Decision postponed in case of Jean McConville accused

A decision on the case of veteran republican Ivor Bell and his 'fitness to plead' on the charges he faces in relation to the disappearance of Belfast mother of ten Jean McConville was postponed on Thursday.

By The Newsroom
Thursday, 10th May 2018, 6:52 pm
Updated Friday, 8th June 2018, 1:12 am
Ivor Bell
Ivor Bell

Belfast Crown Court judge, Mr Justice Colton ruled that he would not make any ruling on the defence application, until a further application, by them, “to stay proceedings” is made and adjudicated upon by the court.

Mr Justice Colton said because of this “live issue” on whether not all proceedings should be stopped, he would delay “giving a determination” on the matter of his “fitness”.

The application of a “stay of proceedings”, if successful, would end all proceedings against the west Belfast man, not only criminal, but on whether a separate hearing could be heard to determine if Mr Bell “committed the act” as based on the facts presented to the court.

Even if such a hearing were held, the former republican would not be held criminally liable for any resulting finding of the court, nor would he face any criminal penalty, such as a jail sentence.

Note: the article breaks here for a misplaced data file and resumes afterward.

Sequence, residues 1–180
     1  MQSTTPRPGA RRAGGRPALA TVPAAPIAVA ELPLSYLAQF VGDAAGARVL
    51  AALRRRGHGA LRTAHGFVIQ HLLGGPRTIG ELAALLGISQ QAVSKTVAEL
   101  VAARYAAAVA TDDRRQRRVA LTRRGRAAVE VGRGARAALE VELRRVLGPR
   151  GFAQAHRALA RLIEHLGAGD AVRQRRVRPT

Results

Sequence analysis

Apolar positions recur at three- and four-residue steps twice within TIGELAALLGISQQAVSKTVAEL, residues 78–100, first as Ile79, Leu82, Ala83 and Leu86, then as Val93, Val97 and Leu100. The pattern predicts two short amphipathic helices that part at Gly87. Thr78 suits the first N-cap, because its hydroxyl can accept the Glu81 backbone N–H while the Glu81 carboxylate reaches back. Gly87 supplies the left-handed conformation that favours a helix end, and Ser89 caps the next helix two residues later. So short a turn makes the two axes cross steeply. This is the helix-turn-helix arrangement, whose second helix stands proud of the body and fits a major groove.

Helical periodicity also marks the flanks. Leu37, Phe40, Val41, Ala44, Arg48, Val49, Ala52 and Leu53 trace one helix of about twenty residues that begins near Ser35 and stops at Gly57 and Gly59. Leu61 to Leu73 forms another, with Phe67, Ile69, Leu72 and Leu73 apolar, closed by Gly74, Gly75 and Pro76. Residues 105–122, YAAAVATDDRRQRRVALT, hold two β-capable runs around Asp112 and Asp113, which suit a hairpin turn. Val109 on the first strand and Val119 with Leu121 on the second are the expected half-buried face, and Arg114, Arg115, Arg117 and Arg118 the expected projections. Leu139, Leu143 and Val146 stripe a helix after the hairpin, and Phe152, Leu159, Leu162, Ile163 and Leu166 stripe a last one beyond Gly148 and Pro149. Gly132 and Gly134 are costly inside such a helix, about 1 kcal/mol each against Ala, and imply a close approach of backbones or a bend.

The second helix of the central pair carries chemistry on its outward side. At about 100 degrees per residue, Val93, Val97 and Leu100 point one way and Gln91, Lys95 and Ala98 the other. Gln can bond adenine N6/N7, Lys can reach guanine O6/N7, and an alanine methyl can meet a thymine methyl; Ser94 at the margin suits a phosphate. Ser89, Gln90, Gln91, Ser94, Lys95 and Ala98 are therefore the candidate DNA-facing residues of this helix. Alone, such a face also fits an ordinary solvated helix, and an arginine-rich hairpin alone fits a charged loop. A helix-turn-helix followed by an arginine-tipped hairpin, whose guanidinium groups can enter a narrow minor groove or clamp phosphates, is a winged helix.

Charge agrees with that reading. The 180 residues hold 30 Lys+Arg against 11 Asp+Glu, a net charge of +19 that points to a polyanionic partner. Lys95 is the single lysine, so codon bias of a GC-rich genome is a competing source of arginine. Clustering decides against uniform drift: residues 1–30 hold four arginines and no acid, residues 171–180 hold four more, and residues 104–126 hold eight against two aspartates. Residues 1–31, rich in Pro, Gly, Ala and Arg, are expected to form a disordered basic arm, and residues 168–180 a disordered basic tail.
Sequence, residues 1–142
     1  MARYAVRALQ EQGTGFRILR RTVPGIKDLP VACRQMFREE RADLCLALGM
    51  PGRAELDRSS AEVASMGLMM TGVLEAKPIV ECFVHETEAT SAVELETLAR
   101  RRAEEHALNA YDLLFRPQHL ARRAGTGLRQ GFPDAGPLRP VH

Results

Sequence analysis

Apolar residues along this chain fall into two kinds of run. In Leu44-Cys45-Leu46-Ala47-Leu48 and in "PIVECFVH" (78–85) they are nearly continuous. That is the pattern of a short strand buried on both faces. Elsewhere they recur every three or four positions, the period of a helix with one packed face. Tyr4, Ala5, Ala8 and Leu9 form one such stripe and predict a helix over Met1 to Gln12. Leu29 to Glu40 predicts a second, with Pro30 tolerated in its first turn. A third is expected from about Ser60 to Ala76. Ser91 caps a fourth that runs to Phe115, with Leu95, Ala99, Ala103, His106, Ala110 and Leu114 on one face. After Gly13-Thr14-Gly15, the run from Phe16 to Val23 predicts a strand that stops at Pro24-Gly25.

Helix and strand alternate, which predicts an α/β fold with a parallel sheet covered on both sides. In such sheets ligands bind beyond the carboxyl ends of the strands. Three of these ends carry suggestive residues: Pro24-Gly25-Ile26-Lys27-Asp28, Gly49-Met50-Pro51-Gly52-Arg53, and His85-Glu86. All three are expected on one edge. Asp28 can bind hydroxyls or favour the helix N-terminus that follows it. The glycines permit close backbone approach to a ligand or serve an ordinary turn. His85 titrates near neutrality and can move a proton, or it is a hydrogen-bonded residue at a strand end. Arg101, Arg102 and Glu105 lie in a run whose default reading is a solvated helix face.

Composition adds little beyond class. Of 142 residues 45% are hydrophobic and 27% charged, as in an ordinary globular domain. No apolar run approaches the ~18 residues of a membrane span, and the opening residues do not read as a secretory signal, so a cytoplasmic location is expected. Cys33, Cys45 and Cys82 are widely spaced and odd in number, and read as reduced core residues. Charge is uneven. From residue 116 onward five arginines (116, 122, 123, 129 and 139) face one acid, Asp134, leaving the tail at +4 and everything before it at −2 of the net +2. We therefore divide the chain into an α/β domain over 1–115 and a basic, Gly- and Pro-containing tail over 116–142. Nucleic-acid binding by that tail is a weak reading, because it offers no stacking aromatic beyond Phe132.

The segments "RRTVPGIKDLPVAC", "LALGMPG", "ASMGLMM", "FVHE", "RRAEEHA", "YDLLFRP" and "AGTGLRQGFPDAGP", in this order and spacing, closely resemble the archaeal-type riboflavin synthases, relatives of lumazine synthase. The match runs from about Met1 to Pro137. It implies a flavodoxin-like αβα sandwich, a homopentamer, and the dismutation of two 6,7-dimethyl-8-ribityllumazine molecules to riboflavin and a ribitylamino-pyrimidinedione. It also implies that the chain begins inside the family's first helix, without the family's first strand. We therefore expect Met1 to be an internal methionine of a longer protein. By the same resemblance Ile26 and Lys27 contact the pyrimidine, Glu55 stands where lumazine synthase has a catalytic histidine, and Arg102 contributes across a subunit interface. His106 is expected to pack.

The defence maintain the health of the west Belfast man, from Ramoan Gardens, Andersonstown, is such he is unfit to stand trial, and that any trial would have further detrimental affect upon him.

Mr Bell, who has yet to be formally arraigned on the two charges he faces in connection with the murder and disappearance of the mother of ten almost 45 years ago, was again excused from attending court on Thursday.

The charges arise out of the IRA abduction and murder of Mrs McConville from her Divis flat home in west Belfast in December 1972.

The pensioner was originally charged with aiding and abetting her murder, and with being a member of the IRA, but they were subsequently amended by the Public Prosecution Service.

The charges he now faces firstly claim that “on a date unknown between the 31st day of October 1972 and the 1st day of January 1973 he encouraged persons not before the court to murder Jean McConville”, while the second accuses him of having “endeavoured to persuade persons” to carry out the murder.

Jean McConville, a 37-year-old widow, was seized by the IRA from her Divis Flats home in west Belfast in December 1972 in front of her children after wrongly accused of being a British Army informant.

Following her abduction she was shot dead and then secretly buried, becoming one of the “Disappeared”, until in 1999 the IRA finally admitted the murder when information was passed to Garda in the Irish Republic.

Mrs McConville, whose body was found near to Templetown Beach in Co Louth in 2003, was killed by a single gunshot wound to the back of the head.